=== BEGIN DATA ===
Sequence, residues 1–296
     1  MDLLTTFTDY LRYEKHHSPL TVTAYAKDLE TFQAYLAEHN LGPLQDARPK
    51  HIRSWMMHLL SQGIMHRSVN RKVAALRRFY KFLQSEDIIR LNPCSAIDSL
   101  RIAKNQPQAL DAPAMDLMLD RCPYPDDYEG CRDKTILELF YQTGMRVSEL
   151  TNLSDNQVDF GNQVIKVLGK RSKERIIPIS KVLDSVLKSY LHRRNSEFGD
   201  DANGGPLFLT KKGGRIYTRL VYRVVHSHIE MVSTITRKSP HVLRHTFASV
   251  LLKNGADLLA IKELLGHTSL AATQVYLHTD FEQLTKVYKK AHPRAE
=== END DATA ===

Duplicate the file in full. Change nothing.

Sequence, residues 1–296
     1  MDLLTTFTDY LRYEKHHSPL TVTAYAKDLE TFQAYLAEHN LGPLQDARPK
    51  HIRSWMMHLL SQGIMHRSVN RKVAALRRFY KFLQSEDIIR LNPCSAIDSL
   101  RIAKNQPQAL DAPAMDLMLD RCPYPDDYEG CRDKTILELF YQTGMRVSEL
   151  TNLSDNQVDF GNQVIKVLGK RSKERIIPIS KVLDSVLKSY LHRRNSEFGD
   201  DANGGPLFLT KKGGRIYTRL VYRVVHSHIE MVSTITRKSP HVLRHTFASV
   251  LLKNGADLLA IKELLGHTSL AATQVYLHTD FEQLTKVYKK AHPRAE